HOWTO use NMAP for SNMP Enumeration

Here’s an example of using NMAP scanning UDP open port of 161 for SNMP protocol.

root@kali:~# nmap -sU –open -p 161 10.11.1.200-254

Starting Nmap 6.47 ( http://nmap.org ) at 2016-07-22 16:44 EDT
Nmap scan report for 10.11.1.218
Host is up (0.041s latency).
PORT STATE SERVICE
161/udp open|filtered snmp
MAC Address: 00:50:56:89:53:4B (VMware)

Nmap scan report for 10.11.1.219
Host is up (0.047s latency).
PORT STATE SERVICE
161/udp open|filtered snmp
MAC Address: 00:50:56:89:35:90 (VMware)

Nmap scan report for 10.11.1.221
Host is up (0.041s latency).
PORT STATE SERVICE
161/udp open|filtered snmp
MAC Address: 00:50:56:89:5E:D2 (VMware)

Alternative tool such as “onesixtyone” is available in Kali Linux distribution.

root@kali:~# onesixtyone
onesixtyone 0.3.2 [options] <host> <community>
-c <communityfile> file with community names to try
-i <inputfile> file with target hosts
-o <outputfile> output log
-d debug mode, use twice for more information

-w n wait n milliseconds (1/1000 of a second) between sending packets (default 10)
-q quiet mode, do not print log to stdout, use with -l
examples: ./s -c dict.txt 192.168.4.1 public
./s -c dict.txt -i hosts -o my.log -w 100

Take note of -c and -i parameter, we will use this parameters in a script.

First create a community file, for example using public, private and manager which are the common SNMP community names.

root@kali:~# nano community
root@kali:~# cat community
public
private
manager

Create a list of ip address as input value. The command below is to create a for loop sequence from 200 to 254, do echo 10.11.1.$ip using my test network and place it to ips input file.

root@kali:~# for ip in $(seq 200 254);do echo 10.11.1.$ip;done > ips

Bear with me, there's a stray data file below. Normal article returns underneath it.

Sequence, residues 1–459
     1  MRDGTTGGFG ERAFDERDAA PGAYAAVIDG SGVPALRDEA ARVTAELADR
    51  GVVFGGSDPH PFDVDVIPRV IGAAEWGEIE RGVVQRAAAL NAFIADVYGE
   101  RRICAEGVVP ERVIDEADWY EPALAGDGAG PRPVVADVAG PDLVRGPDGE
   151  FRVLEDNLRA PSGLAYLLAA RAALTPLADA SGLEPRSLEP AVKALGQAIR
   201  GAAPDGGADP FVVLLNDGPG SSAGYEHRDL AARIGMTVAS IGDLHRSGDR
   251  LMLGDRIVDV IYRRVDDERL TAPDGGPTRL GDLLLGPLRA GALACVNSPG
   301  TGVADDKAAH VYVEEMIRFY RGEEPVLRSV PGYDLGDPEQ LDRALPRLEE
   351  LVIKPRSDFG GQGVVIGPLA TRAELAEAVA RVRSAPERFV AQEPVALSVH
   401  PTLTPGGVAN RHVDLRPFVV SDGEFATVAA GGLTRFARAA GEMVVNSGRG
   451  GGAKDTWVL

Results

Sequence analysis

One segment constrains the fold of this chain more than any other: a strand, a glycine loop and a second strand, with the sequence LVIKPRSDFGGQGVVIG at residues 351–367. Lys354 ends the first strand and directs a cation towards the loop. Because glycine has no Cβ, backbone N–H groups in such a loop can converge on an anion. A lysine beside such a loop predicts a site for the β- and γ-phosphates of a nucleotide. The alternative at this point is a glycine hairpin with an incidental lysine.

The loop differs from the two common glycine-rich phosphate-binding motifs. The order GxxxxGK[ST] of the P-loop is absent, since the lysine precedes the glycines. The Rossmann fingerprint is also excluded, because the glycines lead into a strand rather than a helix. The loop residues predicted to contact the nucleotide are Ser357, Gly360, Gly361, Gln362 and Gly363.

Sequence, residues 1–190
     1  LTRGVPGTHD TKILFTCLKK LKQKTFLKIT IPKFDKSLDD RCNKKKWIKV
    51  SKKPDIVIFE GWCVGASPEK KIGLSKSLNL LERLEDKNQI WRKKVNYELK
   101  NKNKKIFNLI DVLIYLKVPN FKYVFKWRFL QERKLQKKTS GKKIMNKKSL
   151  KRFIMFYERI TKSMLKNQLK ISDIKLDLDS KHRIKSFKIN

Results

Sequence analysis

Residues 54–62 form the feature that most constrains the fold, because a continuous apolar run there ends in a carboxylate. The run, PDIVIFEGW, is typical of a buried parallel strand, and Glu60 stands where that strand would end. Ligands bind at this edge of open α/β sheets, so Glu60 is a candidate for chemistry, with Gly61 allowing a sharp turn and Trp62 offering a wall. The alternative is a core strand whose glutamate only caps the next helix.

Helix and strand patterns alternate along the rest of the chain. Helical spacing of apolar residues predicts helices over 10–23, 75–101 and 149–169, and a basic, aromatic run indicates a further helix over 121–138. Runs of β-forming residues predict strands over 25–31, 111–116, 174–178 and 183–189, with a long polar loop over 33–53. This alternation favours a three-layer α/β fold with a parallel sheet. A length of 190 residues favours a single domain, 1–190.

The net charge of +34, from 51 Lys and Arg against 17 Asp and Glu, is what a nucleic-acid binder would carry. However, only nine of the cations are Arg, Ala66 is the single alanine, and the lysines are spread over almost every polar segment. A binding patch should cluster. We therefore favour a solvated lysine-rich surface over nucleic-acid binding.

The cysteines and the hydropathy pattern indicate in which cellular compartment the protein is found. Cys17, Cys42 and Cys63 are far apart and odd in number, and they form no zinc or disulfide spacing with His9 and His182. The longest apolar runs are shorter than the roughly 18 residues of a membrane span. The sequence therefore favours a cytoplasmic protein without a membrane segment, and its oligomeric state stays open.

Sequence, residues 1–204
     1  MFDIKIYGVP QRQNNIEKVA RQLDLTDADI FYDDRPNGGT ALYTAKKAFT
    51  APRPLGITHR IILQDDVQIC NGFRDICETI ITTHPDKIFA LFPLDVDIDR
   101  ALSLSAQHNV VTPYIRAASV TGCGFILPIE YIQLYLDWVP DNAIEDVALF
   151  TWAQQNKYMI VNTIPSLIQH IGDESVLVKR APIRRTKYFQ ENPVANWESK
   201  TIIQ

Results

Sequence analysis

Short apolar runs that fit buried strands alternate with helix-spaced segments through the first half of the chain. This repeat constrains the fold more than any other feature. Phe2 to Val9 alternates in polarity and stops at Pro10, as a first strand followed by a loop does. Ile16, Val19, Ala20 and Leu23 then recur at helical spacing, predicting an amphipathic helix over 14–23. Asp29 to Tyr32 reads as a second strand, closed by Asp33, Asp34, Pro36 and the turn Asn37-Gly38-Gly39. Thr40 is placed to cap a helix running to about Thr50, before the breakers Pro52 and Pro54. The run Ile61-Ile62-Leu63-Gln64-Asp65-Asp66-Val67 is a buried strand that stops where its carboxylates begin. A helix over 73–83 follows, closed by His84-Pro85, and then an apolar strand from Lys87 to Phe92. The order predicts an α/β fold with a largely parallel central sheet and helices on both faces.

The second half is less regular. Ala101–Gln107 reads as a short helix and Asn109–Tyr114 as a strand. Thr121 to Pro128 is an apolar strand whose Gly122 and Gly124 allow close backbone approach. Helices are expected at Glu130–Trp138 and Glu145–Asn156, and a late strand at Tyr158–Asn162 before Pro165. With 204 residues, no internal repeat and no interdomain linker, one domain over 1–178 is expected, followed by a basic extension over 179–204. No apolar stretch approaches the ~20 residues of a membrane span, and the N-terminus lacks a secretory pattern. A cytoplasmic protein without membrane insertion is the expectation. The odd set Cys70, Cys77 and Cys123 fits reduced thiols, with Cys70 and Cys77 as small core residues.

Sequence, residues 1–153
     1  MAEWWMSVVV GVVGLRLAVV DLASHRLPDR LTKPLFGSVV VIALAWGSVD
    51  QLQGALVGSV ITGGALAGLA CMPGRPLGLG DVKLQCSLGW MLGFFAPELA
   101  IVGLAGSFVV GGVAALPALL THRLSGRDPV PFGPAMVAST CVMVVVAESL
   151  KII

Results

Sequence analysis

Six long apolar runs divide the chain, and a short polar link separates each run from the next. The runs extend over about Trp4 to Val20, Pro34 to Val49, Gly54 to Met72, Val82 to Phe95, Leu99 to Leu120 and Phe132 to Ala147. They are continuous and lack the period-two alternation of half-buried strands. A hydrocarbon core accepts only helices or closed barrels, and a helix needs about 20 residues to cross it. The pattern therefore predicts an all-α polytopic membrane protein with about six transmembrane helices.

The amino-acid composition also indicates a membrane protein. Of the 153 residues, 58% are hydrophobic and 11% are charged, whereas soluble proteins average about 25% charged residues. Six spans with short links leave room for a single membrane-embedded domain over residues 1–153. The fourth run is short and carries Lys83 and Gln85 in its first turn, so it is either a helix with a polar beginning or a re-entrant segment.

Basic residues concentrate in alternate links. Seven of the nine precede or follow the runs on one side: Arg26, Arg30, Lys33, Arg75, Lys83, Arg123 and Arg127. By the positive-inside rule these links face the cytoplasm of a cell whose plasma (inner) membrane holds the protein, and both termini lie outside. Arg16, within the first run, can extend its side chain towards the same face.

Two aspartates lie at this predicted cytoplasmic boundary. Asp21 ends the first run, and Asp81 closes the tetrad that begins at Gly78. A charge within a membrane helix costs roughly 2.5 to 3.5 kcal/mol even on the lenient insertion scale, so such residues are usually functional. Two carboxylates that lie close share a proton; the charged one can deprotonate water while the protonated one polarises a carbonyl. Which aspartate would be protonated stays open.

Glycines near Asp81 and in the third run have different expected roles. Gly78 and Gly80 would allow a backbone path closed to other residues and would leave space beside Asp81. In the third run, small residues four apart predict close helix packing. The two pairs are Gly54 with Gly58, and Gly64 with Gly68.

root@kali:~#

Once these two files are ready, then I can use the “onesixtyone” tool to execute the following command. #onesixtyone -c community -i ips [enter]

root@kali:~# onesixtyone -c community -i ips
Scanning 55 hosts, 3 communities
10.11.1.227 [public] Hardware: x86 Family 6 Model 12 Stepping 2 AT/AT COMPATIBLE – Software: Windows 2000 Version 5.0 (Build 2195 Uniprocessor Free)

Well, I found one public community string in my test lab. From here we can continue to query the SNMP for more useful information about the target lab network.

Using SNMPWalk to read community public string.

Example command, #snmpwalk -c public -v1 10.11.1.227, running snmpwalk tool using public community string with version 1 to the target server 10.11.1227.

root@kali:~# snmpwalk -c public -v1 10.11.1.227
iso.3.6.1.2.1.1.1.0 = STRING: “Hardware: x86 Family 6 Model 12 Stepping 2 AT/AT COMPATIBLE – Software: Windows 2000 Version 5.0 (Build 2195 Uniprocessor Free)”
iso.3.6.1.2.1.1.2.0 = OID: iso.3.6.1.4.1.311.1.1.3.1.2
iso.3.6.1.2.1.1.3.0 = Timeticks: (221409) 0:36:54.09
iso.3.6.1.2.1.1.4.0 = “”
iso.3.6.1.2.1.1.5.0 = STRING: “JD”
iso.3.6.1.2.1.1.6.0 = “”
iso.3.6.1.2.1.1.7.0 = INTEGER: 76
iso.3.6.1.2.1.2.1.0 = INTEGER: 2
iso.3.6.1.2.1.2.2.1.1.1 = INTEGER: 1
iso.3.6.1.2.1.2.2.1.1.16777219 = INTEGER: 16777219
iso.3.6.1.2.1.2.2.1.2.1 = Hex-STRING: 4D 53 20 54 43 50 20 4C 6F 6F 70 62 61 63 6B 20
69 6E 74 65 72 66 61 63 65 00
iso.3.6.1.2.1.2.2.1.2.16777219 = Hex-STRING: 56 4D 77 61 72 65 20 41 63 63 65 6C 65 72 61 74
65 64 20 41 4D 44 20 50 43 4E 65 74 20 41 64 61
70 74 65 72 00
iso.3.6.1.2.1.2.2.1.3.1 = INTEGER: 24
iso.3.6.1.2.1.2.2.1.3.16777219 = INTEGER: 6
iso.3.6.1.2.1.2.2.1.4.1 = INTEGER: 1500
iso.3.6.1.2.1.2.2.1.4.16777219 = INTEGER: 1500
iso.3.6.1.2.1.2.2.1.5.1 = Gauge32: 10000000
iso.3.6.1.2.1.2.2.1.5.16777219 = Gauge32: 1000000000

This will continue to go on with wealth of information about your target machine. Now, let’s try something else using mib-values parameters.

mib-values examples:

1.3.6.1.2.1.25.4.2.1.2 Running Programs

1.3.6.1.2.1.6.13.1.3 TCP Local Ports

1.3.6.1.2.1.25.6.3.1.2 Running Programs

Let check the running programs to our target lab machine.

root@kali:~# snmpwalk -c public -v1 10.11.1.227 1.3.6.1.2.1.25.4.2.1.2
iso.3.6.1.2.1.25.4.2.1.2.1 = STRING: “System Idle Process”
iso.3.6.1.2.1.25.4.2.1.2.8 = STRING: “System”
iso.3.6.1.2.1.25.4.2.1.2.172 = STRING: “smss.exe”
iso.3.6.1.2.1.25.4.2.1.2.200 = STRING: “csrss.exe”
iso.3.6.1.2.1.25.4.2.1.2.216 = STRING: “WINLOGON.EXE”
iso.3.6.1.2.1.25.4.2.1.2.244 = STRING: “services.exe”
iso.3.6.1.2.1.25.4.2.1.2.256 = STRING: “LSASS.EXE”
iso.3.6.1.2.1.25.4.2.1.2.448 = STRING: “svchost.exe”